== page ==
Singapore, 1 October 2021 – The weather for the first half of October 2021 is expected to be warm and less wet compared to September 2021. The daily maximum temperature is forecast to range between 33 degrees Celsius and 34 degrees Celsius on most days, with highs of around 35 degrees Celsius on a few days. Warm and humid conditions can be expected on a few nights with night-time temperatures of around 28 degrees Celsius.
2 During the next fortnight, the prevailing Southwest Monsoon conditions with low-level winds blowing from the southeast or southwest are forecast to persist. Around the end of the fortnight, the low-level winds are expected to weaken and become light and variable in direction, signalling the start of the inter-monsoon period around mid-October 2021.
3 On a few days in the early part of the fortnight, Singapore and the surrounding region can expect dry and warm conditions due to a mass of dry air moving eastward from the Indian Ocean over the equatorial Southeast Asia region. During the fortnight, short-duration thundery showers are expected on a few days over parts of the island between the late morning and afternoon due to strong day-time heating of land areas. In the latter half of the fortnight, a low-pressure system is forecast to develop over the South China Sea. This could result in large scale convergence of winds over Singapore and the surrounding vicinity and trigger the development of Sumatra squalls over the Strait of Malacca. The squalls can bring widespread thundery showers and gusty winds over Singapore on some days between the early and pre-dawn hours, as they move east toward the South China Sea. The rainfall for first half of October 2021 is forecast to be below average over parts of the island.
4 In the first half of October 2021, it is expected to be warm on most days and the daily temperature is expected to range between 24 degrees Celsius and 34 degrees Celsius. On a few days, particularly when it is dry and warm, the daily maximum temperature could reach a high of around 35 degrees Celsius. The weather on some nights can be warm when prevailing winds blow from the southeast or south, bringing warm and humid air from the sea over the land. Night-time temperatures of around 28 degrees Celsius can be expected on these nights.
5 For updates of the daily weather forecast, please visit the MSS website (www.weather.gov.sg), NEA website (www.nea.gov.sg), or download the myENV app.
REVIEW (1 - 30 September 2021)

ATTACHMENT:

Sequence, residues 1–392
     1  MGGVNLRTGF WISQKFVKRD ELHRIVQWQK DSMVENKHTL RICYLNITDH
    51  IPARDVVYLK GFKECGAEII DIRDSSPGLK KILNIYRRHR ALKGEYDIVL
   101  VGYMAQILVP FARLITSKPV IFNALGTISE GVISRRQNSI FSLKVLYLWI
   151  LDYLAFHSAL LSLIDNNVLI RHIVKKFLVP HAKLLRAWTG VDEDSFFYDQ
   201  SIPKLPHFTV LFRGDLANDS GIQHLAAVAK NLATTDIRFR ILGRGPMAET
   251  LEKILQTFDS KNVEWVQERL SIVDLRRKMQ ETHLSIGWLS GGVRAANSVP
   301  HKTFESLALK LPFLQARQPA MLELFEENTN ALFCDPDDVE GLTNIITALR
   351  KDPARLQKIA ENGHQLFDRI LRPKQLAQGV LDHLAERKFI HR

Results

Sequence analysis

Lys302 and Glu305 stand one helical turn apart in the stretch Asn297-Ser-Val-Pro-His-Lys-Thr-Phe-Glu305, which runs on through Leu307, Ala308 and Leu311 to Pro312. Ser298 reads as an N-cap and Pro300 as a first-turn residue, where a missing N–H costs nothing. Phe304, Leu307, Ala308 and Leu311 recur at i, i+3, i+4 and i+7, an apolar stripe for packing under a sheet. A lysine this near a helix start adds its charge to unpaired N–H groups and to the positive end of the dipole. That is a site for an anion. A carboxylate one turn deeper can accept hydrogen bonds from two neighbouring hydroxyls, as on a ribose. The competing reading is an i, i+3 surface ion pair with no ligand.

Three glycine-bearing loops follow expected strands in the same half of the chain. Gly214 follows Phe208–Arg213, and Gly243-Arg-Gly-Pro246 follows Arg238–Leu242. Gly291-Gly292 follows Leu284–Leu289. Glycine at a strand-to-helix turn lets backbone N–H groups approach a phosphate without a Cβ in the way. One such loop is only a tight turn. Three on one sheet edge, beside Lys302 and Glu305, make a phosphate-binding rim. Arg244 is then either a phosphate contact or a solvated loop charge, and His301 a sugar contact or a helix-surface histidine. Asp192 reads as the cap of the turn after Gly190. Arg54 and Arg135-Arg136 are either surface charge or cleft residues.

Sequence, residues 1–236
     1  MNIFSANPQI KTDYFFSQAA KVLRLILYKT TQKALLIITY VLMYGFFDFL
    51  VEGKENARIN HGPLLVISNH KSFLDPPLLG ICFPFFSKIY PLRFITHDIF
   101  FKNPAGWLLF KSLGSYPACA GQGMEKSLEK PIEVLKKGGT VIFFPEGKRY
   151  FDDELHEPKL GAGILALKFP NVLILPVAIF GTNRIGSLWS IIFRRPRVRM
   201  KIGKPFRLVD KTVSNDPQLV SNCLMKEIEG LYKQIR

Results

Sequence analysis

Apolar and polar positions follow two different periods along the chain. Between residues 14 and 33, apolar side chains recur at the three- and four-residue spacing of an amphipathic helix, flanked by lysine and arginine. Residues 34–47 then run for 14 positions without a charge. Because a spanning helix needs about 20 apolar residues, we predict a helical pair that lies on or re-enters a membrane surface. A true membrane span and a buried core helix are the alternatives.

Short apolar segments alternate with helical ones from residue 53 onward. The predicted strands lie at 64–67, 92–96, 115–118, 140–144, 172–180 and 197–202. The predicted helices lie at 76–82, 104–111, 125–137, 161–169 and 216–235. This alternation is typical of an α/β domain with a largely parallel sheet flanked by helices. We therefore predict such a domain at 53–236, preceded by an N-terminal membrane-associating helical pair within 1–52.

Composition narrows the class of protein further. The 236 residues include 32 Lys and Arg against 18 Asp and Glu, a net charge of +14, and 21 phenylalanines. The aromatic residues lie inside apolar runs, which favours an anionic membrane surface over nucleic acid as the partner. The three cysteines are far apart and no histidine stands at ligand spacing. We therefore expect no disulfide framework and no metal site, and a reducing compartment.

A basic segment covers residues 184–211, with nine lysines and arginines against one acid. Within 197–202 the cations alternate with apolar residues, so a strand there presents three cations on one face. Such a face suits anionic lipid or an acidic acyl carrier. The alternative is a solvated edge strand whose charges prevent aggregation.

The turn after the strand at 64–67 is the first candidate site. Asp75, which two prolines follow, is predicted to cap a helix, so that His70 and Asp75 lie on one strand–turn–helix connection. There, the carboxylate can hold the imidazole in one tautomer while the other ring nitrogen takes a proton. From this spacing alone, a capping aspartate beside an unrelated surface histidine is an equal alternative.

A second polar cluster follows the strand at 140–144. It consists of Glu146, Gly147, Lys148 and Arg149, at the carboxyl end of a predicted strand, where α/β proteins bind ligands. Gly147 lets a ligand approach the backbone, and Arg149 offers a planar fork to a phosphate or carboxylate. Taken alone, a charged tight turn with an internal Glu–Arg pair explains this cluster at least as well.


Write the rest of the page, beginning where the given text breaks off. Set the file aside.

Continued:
6 Southwest Monsoon conditions prevailed over Singapore and the surrounding region in September 2021. The low-level winds blew from the southeast or southwest on most days and were light and variable in direction on a few days.
7 On most days in September 2021, thundery showers fell over parts of Singapore in the late morning and afternoon due to strong daytime heating of land areas and/or convergence of winds over Singapore and the surrounding vicinity. On some of these days, the showers extended into the evening. The passage of Sumatra squalls from the Strait of Malacca toward the South China Sea brought thundery showers over Singapore between the early hours and morning on some days. On 2 September 2021, large-scale convergence of prevailing winds over Singapore and the surrounding region led to the development of a Sumatra squall over the Strait of Malacca. The squall brought island-wide moderate to heavy thundery showers and gusty winds in the early and predawn hours. The highest daily total rainfall of 123.6mm recorded at Ang Mo Kio that day was the highest daily total rainfall for September 2021.
8 In September 2021, there were 10 days where the daily maximum temperature was 34 degrees Celsius or higher. The highest daily maximum temperature of 34.8 degrees Celsius was recorded at Sentosa on 17 September 2021. The lowest daily minimum temperature of 22 degrees Celsius was recorded at Tengah on 7 September 2021.
9 Rainfall was above average over all parts of the island in September 2021. The highest anomaly of 91 per cent above average was recorded at Mandai. The anomaly was lowest at Tanjong Katong at 19 per cent above average.
CLIMATE STATION STATISTICS
Long-term Statistics for October
(Climatological reference period: 1991-2020)
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Historical Extremes for October
(Rainfall since 1869 and temperature since 1929)
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Highest monthly rainfall ever recorded:
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